This memoir was gritty, haunting, disturbing and made me cry in places but that’s exactly what it needed to be. In her line of work as a police officer Belinda Neil has been witness to horrific crimes. She wasn’t even spared of horror on the first day on the job. As someone who has family and friends who are on the Force this gave me a whole new level of respect for them. I always knew it was a tough job with horrible sites to witness but this book took me a step closer to just how mentally tough our police force has to be. I’m glad it only took me a step closer and that I will never have to fully feel the unspeakable horror of seeing a triple homicide. And I’m grateful for our men and women in Blue who are assaulted with this daily so that I can live a safer life.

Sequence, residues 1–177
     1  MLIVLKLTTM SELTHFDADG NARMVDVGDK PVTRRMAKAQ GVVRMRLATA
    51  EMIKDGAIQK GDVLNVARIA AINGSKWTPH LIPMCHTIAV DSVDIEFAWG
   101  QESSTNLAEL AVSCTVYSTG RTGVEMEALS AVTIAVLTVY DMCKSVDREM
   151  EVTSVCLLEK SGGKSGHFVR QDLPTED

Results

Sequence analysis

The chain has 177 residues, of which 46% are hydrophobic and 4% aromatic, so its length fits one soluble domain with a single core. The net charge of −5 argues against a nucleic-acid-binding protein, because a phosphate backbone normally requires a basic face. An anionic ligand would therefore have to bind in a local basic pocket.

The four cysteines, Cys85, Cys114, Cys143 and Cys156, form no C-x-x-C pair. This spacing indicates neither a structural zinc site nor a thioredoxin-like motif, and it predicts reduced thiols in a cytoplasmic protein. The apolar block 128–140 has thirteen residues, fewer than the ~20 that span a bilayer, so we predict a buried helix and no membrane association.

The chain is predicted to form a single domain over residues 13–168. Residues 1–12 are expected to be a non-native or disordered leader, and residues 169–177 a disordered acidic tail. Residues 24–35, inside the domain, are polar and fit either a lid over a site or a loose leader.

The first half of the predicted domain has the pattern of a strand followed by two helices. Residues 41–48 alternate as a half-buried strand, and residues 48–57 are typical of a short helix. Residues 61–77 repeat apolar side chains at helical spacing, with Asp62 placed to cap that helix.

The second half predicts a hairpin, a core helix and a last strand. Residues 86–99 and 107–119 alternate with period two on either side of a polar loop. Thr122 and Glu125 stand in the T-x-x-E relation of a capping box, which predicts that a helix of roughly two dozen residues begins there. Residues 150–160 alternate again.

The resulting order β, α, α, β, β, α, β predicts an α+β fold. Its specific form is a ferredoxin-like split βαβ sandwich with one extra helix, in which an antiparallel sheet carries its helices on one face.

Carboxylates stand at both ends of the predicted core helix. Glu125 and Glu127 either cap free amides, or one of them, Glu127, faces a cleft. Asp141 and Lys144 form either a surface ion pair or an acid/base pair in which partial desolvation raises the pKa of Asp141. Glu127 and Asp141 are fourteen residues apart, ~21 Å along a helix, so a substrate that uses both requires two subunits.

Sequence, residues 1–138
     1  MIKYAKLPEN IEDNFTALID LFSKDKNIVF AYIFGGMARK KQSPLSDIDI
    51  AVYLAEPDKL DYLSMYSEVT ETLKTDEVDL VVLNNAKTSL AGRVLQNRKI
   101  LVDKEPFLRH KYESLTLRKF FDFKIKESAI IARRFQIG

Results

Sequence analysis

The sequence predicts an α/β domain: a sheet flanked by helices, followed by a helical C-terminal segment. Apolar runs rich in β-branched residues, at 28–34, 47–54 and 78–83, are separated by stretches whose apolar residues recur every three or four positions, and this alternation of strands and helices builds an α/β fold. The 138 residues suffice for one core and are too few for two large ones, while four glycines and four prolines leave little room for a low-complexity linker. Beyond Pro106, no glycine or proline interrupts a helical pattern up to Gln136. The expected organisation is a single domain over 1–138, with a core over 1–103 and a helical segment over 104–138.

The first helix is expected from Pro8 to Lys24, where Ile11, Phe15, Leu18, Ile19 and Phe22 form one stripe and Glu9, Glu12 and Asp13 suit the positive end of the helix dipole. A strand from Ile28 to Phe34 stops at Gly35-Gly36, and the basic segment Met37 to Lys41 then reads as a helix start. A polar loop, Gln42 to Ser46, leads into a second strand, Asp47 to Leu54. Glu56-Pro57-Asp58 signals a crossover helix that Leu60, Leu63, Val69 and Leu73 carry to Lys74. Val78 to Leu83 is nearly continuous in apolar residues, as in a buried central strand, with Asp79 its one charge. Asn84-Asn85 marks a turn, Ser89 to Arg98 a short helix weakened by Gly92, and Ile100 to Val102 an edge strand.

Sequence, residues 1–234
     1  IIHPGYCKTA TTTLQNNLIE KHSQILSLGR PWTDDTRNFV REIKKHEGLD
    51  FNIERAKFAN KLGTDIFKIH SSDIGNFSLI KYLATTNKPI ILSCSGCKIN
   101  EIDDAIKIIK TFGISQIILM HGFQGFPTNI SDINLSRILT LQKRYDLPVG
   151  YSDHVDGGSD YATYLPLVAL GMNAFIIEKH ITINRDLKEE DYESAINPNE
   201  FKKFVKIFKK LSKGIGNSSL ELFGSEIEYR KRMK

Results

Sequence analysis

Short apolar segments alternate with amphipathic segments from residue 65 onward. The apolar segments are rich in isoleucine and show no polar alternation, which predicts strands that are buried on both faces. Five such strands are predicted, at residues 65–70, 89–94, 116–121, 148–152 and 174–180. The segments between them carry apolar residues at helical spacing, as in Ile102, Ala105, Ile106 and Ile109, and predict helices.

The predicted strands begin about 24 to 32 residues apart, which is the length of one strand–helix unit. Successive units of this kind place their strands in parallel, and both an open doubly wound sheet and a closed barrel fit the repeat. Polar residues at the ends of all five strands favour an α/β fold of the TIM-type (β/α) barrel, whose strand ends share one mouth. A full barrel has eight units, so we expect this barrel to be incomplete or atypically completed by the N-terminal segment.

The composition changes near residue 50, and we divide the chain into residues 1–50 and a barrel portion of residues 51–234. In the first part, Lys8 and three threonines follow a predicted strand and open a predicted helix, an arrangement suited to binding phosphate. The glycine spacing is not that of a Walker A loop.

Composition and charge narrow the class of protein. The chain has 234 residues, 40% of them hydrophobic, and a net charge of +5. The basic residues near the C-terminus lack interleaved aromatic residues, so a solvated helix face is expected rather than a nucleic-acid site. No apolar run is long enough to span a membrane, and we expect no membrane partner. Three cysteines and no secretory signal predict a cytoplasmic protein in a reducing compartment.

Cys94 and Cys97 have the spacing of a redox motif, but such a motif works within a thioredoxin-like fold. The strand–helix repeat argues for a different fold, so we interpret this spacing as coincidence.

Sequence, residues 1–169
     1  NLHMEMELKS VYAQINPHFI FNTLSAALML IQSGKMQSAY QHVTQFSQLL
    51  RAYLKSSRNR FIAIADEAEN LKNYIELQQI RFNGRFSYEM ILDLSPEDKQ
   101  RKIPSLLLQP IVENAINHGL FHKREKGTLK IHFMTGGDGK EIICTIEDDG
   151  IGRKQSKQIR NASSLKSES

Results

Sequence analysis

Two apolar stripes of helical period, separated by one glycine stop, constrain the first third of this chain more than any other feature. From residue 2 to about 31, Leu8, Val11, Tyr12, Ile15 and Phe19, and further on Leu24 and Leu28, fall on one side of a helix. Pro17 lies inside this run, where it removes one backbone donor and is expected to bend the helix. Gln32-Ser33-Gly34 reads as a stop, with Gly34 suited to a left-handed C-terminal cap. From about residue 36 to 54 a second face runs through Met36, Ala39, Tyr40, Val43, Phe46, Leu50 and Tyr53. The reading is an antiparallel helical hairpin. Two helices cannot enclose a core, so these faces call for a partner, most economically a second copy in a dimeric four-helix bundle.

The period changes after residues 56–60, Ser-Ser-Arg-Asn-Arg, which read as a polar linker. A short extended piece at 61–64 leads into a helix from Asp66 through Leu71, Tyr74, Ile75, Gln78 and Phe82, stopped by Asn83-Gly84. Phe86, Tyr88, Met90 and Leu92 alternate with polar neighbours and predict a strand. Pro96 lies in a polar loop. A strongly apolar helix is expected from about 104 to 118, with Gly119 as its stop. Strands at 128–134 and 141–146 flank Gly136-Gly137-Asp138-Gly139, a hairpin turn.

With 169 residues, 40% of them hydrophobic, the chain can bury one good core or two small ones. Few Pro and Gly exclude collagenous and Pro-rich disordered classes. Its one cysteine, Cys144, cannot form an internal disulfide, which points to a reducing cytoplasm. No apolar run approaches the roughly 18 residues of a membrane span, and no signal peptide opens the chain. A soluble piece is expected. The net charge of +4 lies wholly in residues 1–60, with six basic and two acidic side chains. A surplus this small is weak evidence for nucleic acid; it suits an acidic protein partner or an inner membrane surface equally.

On a personal note I found it quite interesting how after child birth her symptoms became over powering. Through my own dealings with PND, the psychiatric hospital, group therapy and managing my Facebook for mentally complex women ( https://facebook.com/groups/563402577109194 ) I have found that past trauma always comes flooding back after child birth and that PND does not happen in a vacuum. Although Belinda Neil has PTSD I believe that women with PND would get a lot out of this book.
Reading this book reminded me of Walter Mason’s “Inspirational Conversation” ( http://www.waltermason.com/?m=1 ) with P.M. Newton ( http://www.pmnewton.com/?m=1 ) at Ultimo library. She had said that she needed to to go on a journey of self discovery after the darkness of serving on the Force and now she writes Crime novels. I hope that Belinda can similarly find solace in writing, although I know writing her own memoir was harrowing rather than cathartic perhaps fiction will give her the release she deserves.
Find out more about Belinda Neil here http://www.belindaneil.com.au/
Review also here: https://www.goodreads.com/review/show/1098696331
As always if you’re a lady and a bit crae crae you are welcome to join my group